gpg> adduid Real name: Rui Afonso Pereira Email address: firstname.lastname@example.org Comment: You selected this USER-ID: "Rui Afonso Pereira <email@example.com>" Change (N)ame, (C)omment, (E)mail or (O)kay/(Q)uit? o You need a passphrase to unlock the secret key for user: "Rui Afonso Pereira <firstname.lastname@example.org>" 2048-bit RSA key, ID 6C1EEE05, created 2016-04-08 pub 2048R/6C1EEE05 created: 2016-04-08 expires: never usage: SC trust: ultimate validity: ultimate sub 2048R/8C44BD6A created: 2016-04-08 expires: never usage: E [ultimate] (1). Rui Afonso Pereira <email@example.com> [ultimate] (2) Rui Afonso Pereira <firstname.lastname@example.org> gpg> save
The key now has two UIDs attached.
$ gpg --list-keys 6C1EEE05 pub 2048R/6C1EEE05 2016-04-08 uid [ultimate] Rui Afonso Pereira <email@example.com> uid [ultimate] Rui Afonso Pereira <firstname.lastname@example.org> sub 2048R/8C44BD6A 2016-04-08
Exporting a Public Key
To add your public key to your development platform, such as GitHub, you must first export it. To do so, paste the text below, substituting in the GPG key ID you’d like to use. In this example, the GPG key ID is
$ gpg --armor --export 6C1EEE05 # Prints the GPG key, in ASCII armor format
You shall now proceed by adding the GPG key to your GitHub account.
We should now configure git to automatically gpgsign commits. This consists of pointing git to your signing key ID, and then enabling automatic signing of git commits.
$ git config --global user.signingkey <YOUR-SIGNING-KEY-PUB-ID> $ git config --global commit.gpgsign true
Furthermore, since we are using the
gpg2 binary on macOS, we should also tell this to Git:
$ git config --global gpg.program gpg2
Finally, from now on, every commit will be automatically signed. However, it is still required to insert the passphrase every single time.
Automatic Commit Signing on macOS
For security reasons, GnuPG always requires the passphrase every time it needs to sign something. This effectively means that the passphrase is required on every single git commit. If this sounds like a lot of work to you, we can automate the process, in a clear trade-off between security and convenience.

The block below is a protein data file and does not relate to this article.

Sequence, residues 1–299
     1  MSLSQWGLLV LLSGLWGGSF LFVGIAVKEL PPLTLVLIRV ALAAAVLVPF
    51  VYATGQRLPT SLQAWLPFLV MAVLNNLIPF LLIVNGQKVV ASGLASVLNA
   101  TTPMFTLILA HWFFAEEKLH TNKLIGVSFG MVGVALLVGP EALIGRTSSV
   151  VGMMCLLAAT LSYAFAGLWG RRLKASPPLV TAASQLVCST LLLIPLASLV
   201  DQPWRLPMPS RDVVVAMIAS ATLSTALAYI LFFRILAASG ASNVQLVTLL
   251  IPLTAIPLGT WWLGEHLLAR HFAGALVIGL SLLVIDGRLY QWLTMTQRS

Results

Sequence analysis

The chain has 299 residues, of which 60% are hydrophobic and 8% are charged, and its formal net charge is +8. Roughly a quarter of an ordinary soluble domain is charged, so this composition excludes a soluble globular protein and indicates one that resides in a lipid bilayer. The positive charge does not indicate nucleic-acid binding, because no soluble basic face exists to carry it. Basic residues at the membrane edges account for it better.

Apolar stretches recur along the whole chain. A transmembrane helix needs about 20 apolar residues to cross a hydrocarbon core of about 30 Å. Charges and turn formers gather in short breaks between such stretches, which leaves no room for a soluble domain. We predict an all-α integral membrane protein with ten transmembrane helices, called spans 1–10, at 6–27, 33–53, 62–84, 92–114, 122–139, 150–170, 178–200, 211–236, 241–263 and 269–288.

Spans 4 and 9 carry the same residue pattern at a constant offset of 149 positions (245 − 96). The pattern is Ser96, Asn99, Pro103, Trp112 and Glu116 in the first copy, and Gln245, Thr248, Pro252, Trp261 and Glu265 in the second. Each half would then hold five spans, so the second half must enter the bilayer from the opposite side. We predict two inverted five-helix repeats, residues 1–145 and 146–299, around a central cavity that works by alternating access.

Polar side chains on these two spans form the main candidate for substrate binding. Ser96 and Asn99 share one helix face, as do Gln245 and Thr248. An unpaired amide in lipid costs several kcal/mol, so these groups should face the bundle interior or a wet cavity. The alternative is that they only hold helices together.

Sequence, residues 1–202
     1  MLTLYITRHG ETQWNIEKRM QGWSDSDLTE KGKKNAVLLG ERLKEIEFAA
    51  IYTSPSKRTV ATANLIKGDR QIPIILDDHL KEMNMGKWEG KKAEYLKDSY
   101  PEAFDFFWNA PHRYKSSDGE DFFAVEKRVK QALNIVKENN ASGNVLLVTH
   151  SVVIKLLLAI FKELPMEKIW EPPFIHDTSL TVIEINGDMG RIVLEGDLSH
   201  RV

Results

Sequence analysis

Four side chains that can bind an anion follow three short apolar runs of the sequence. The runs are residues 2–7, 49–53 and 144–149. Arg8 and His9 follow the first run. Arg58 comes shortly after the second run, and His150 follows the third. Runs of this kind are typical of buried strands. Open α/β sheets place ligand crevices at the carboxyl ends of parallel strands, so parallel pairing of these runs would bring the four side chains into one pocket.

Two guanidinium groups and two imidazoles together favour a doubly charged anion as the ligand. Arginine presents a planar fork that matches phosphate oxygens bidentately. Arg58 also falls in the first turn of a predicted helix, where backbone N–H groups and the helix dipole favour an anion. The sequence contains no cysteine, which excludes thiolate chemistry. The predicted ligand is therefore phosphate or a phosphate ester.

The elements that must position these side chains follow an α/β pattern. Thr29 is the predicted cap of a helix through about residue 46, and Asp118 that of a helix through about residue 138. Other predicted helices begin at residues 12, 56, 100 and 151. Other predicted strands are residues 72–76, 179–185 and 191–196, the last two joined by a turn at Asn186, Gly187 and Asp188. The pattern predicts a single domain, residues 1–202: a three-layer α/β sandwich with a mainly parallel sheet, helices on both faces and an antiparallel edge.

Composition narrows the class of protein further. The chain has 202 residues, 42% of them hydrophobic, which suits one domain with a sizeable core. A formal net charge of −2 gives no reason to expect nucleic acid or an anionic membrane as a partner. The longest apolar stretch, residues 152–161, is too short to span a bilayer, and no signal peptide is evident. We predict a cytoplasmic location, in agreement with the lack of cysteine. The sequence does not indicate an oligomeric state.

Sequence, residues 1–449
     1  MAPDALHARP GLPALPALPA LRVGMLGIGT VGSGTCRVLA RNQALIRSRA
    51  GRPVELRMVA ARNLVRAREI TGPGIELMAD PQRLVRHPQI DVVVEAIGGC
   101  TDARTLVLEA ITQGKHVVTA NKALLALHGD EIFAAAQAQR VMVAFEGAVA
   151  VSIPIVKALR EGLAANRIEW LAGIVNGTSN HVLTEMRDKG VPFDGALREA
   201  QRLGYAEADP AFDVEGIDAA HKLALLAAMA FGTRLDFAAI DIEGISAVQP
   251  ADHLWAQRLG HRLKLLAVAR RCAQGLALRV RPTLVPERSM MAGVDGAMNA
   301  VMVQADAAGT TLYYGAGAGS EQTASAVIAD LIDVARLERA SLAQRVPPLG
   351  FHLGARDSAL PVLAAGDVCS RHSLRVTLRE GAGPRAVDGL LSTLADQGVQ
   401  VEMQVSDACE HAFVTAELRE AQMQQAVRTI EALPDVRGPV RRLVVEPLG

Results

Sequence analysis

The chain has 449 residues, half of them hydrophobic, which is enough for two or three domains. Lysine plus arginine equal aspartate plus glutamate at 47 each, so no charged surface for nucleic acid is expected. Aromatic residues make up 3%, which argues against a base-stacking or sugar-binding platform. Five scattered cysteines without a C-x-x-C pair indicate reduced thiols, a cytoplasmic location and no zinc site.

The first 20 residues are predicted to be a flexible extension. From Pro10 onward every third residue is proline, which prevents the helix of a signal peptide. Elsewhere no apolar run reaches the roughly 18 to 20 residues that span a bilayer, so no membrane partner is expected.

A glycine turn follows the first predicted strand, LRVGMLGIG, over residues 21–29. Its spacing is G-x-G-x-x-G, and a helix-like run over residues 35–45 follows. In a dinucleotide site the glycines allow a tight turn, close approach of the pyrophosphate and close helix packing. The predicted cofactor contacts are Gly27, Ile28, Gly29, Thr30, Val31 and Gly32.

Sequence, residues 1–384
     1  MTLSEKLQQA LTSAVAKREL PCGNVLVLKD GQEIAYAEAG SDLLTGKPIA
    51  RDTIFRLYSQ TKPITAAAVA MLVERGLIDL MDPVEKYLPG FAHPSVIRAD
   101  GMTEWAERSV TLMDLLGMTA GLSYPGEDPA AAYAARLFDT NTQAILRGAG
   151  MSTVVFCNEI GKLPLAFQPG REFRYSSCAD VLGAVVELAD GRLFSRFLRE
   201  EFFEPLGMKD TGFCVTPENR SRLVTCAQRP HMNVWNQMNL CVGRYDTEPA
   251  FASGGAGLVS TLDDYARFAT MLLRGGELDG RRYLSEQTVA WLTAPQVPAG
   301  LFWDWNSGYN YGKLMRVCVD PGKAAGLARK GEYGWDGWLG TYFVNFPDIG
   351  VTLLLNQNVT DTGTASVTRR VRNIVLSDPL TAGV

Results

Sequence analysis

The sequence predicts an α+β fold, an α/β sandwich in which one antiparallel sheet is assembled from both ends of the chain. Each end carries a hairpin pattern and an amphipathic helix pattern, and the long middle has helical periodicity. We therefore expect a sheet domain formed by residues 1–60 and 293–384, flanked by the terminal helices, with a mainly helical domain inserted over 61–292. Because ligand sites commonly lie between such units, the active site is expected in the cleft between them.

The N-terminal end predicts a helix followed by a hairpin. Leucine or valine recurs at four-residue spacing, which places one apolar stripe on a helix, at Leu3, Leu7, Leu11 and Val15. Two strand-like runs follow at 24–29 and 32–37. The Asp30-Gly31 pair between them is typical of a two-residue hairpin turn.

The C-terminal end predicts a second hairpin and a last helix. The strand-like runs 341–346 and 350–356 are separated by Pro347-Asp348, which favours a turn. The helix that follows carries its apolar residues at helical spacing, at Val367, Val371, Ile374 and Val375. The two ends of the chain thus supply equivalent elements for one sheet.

We shall start by installing the following binaries:
$ brew install gpg-agent pinentry-mac
Now navigate to your
GPGHOMEDIR, which is
$HOME/.gnupg by default, and add the following to your
# Uncomment within config (or add this line) use-agent # This silences the "you need a passphrase" message once the passphrase # handling is all set. batch
While inside the same directory, let’s configure our
# Enables GPG to find gpg-agent use-standard-socket # Connects gpg-agent to the macOS keychain via the brew-installed # pinentry program from GPGtools. This is the macOS magic, allowing # the gpg key's passphrase to be stored in the login keychain, # enabling automatic key signing. pinentry-program /usr/local/bin/pinentry-mac
Now, it’s time for the real trick in this whole process. For GPG to find the
gpg-agent, the later must be running, and there must be an environment variable pointing GPG to its socket. The following will either start
gpg-agent or set up the
GPG_AGENT_INFO variable if it’s already running. You should add this script to your
.zprofile so that it starts for every shell.
if [[ -f ~/.gnupg/.gpg-agent-info ]] && [[ -n "$(pgrep gpg-agent)" ]]; then source ~/.gnupg/.gpg-agent-info export GPG_AGENT_INFO else eval $(gpg-agent --daemon --write-env-file ~/.gnupg/.gpg-agent-info) fi
The high level diagram for the automatic signing is thus
git -> gpg -> shell/env variable -> gpg-agent -> pinentry -> keychain.
Automatic commit signing should now be successfully configured.